- We are further lowering our forecasts for global light vehicle sales as the coronavirus pandemic escalates and global growth heads sharply lower.
- We now project global sales will decline by almost 15% in 2020 to less than 80 million units.
- We expect global automakers and suppliers will face intense credit pressures, which will test their liquidity management and the headroom in their credit metrics.
While China appears to be starting to rein in the coronavirus outbreak, Europe and the U.S. are testing their capacity to contain the virus' spread. S&P Global Ratings acknowledges a high degree of uncertainty about the rate of spread and peak of the coronavirus outbreak. Some government authorities estimate the pandemic will peak between June and August, and we are using this assumption in assessing the economic and credit implications. We believe measures to contain COVID-19 have pushed the global economy into recession and could cause a surge of defaults among nonfinancial corporate borrowers (see "COVID-19 Macroeconomic Update: The Global Recession Is Here And Now," and "COVID-19 Credit Update: The Sudden Economic Stop Will Bring Intense Credit Pressure," published on March 17, 2020, on RatingsDirect). As the situation evolves, we will update our assumptions and estimates accordingly.
In these circumstances, we expect a material decline of light vehicle demand globally. We expect this decline will be particularly severe in the second quarter of the year, only gradually recovering thereafter provided that restrictive measures are effective in slowing contagion.
In our updated scenario, global light vehicle sales will likely decline by almost 15% in 2020 to less than 80 million units (versus 90.3 million in 2019).
|We Are Further Lowering Our Global Light Vehicle Sales Forecast|
|% year-on year change|
|--Previous projections*--||--New projections*--|
|Rest of the World||(3)||0||(15)||6-8|
|Previous projections are as of March 5, 2020; new projections as of March 23, 2020. Source: S&P Global Ratings.|
In response to fading demand, the large majority of global auto manufacturers have announced production shutdowns at most of their plants in Europe and in the U.S., and have switched to liquidity protection mode. Our revised sales scenario indicates intense credit pressures ahead for automakers. We expect that potential government stimulus packages and central banks' action to facilitate access to funding will only partially relieve these pressures.
In Europe, we now expect GDP to decline by 0.5% to 1% in 2020. Given our expectation of increasing social distancing measures and a progressive shutdown of commercial activities throughout Europe in an effort to curb contagion risk, we believe light vehicle sales are likely to decline in the 15%-20% range this year. We don't expect a bounce-back in 2021, but only a limited recovery, which would bring units sold to around 19 million (from 20.7 in 2019).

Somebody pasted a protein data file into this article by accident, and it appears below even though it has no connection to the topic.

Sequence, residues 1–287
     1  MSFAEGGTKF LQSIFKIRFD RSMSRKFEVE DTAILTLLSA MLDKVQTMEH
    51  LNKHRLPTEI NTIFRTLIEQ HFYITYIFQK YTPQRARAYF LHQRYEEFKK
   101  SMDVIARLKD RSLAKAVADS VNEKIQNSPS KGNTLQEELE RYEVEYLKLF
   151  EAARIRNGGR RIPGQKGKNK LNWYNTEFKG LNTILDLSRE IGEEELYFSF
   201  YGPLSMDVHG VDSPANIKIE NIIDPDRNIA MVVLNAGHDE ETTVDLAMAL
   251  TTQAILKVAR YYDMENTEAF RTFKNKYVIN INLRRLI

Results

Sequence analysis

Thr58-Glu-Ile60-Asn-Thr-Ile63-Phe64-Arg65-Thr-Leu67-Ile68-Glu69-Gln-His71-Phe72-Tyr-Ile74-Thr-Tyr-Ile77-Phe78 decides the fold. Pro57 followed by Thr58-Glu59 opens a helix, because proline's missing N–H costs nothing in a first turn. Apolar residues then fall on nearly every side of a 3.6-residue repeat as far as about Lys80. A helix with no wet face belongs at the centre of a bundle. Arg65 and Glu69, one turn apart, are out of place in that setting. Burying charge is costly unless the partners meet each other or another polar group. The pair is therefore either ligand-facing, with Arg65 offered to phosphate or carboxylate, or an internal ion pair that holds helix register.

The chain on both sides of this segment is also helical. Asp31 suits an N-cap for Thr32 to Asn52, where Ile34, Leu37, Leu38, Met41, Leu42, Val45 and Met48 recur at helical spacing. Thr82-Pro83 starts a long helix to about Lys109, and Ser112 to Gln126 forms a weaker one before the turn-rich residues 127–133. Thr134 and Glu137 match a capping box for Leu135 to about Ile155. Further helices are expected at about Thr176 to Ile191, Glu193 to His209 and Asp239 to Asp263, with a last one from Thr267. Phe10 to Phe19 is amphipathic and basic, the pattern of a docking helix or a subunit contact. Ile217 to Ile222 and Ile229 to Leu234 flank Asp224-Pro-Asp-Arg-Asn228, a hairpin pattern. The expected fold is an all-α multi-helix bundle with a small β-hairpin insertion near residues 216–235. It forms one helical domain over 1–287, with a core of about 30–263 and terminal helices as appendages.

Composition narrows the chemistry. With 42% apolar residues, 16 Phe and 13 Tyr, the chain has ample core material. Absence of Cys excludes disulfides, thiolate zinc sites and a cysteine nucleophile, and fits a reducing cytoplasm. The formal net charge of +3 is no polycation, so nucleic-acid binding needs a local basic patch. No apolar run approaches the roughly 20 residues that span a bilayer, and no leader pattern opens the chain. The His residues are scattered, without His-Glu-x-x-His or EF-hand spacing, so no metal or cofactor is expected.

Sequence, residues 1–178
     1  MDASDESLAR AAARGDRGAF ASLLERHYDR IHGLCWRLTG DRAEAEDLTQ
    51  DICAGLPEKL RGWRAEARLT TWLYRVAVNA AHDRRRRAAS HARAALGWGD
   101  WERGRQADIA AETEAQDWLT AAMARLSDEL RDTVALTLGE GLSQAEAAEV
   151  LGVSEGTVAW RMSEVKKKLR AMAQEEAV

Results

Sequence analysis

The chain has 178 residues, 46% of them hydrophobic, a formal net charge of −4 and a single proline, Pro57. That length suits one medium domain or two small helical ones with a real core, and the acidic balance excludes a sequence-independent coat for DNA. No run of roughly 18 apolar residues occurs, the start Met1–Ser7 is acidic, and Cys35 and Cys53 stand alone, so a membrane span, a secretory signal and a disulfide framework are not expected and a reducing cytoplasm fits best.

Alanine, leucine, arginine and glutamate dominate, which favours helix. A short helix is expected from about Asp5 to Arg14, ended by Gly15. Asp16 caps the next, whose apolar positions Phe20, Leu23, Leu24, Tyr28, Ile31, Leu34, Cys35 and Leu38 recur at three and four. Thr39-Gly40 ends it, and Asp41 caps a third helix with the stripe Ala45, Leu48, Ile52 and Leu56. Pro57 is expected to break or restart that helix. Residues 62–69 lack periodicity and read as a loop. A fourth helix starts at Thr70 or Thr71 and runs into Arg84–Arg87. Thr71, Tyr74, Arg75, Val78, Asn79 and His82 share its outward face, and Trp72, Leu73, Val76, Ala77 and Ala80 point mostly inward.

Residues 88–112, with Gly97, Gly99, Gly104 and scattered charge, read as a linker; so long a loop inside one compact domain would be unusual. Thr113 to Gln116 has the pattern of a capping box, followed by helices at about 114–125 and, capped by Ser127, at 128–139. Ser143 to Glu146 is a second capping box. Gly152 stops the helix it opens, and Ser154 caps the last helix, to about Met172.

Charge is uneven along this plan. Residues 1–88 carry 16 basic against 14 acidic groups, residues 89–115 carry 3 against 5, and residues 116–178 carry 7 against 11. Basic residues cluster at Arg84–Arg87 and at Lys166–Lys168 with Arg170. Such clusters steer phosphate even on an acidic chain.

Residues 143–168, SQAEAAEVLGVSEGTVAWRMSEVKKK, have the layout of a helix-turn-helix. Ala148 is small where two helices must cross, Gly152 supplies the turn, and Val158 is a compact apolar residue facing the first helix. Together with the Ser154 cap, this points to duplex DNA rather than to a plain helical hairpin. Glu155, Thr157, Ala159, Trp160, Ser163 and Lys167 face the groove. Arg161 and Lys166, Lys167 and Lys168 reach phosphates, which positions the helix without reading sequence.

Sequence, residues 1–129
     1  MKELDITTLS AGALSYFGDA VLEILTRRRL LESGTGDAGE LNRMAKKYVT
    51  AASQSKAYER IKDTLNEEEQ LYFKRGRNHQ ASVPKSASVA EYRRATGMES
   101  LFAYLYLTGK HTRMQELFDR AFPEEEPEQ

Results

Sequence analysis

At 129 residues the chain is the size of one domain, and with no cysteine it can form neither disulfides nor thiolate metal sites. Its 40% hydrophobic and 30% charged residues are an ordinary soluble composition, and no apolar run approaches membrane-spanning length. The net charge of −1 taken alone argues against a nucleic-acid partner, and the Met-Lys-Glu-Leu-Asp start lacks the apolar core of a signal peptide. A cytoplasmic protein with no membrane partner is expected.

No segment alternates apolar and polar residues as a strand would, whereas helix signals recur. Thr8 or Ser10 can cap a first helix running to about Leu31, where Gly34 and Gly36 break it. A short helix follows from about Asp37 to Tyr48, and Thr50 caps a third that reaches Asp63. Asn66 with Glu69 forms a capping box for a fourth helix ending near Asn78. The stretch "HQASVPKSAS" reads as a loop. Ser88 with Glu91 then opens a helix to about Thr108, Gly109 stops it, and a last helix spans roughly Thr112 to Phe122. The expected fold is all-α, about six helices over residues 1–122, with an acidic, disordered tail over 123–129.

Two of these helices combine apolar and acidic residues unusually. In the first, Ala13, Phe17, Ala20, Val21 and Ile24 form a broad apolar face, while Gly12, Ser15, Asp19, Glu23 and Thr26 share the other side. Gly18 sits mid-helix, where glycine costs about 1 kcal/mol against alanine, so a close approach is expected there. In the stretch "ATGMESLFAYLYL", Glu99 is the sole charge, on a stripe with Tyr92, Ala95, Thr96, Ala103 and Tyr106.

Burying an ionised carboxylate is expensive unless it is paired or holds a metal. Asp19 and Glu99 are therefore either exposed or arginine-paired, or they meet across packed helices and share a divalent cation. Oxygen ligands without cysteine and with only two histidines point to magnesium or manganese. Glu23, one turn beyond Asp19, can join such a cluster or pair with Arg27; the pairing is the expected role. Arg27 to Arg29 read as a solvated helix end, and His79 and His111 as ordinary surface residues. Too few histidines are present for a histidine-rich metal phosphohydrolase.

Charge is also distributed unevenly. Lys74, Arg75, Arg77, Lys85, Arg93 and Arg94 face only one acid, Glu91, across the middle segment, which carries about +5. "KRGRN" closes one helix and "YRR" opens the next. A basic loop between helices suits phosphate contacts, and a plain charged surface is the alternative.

In the U.S., revised GDP forecasts indicate marginally negative growth in the first quarter and a heavier decline in the second quarter, before recovery begins in the second half of the year. After incorporating falling consumer sentiment, stock market declines, the impact of oil market-related demand, a liquidity crunch, and higher than expected unemployment claims, we forecast a fall in 2020 light vehicle sales in the same order of magnitude as in Europe (a 15%-20% decline). We forecast a low double-digit recovery in 2021, before the market settles at around 16 million units in 2022.
Despite evidence of recovery in China, we think it's likely that light vehicle sales will decline in the 8%-10% range this year on the back of the material first-quarter shock that has lead us to lower our forecasts of GDP growth to 2.9% in 2020. While 90% of the country's automakers have resumed production, we expect utilization rates to be running low and anticipate that companies will only slowly adjust production due to a gradually recovering supply chain and demand. The above scenario incorporates moderate stimulus from local governments, but does not factor in large-scale central government-led stimulus, which could be in the form of a significant purchase tax cut. It also excludes the possibility that production ramp-up might be disrupted by a shortage of components, owing to prolonged shutdowns at key overseas auto suppliers.
- The Global Recession Is Here And Now, March 17, 2020
- Asia-Pacific Recession Guaranteed, March 17, 2020
- The Sudden Economic Stop will Bring Intense Credit Pressure, March 17, 2020
This report does not constitute a rating action.
|Primary Credit Analysts:||Vittoria Ferraris, Milan (39) 02-72111-207;|
|Claire Yuan, Hong Kong (852) 2533-3542;|
|Nishit K Madlani, New York (1) 212-438-4070;|
|Katsuyuki Nakai, Tokyo (81) 3-4550-8748;|
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